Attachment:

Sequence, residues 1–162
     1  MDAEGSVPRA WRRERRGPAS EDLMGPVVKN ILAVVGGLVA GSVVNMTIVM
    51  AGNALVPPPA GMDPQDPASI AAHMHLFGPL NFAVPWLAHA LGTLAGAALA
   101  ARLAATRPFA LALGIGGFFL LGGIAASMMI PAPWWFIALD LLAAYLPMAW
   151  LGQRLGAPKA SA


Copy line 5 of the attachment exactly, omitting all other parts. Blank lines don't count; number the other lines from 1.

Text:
   151  LGQRLGAPKA SA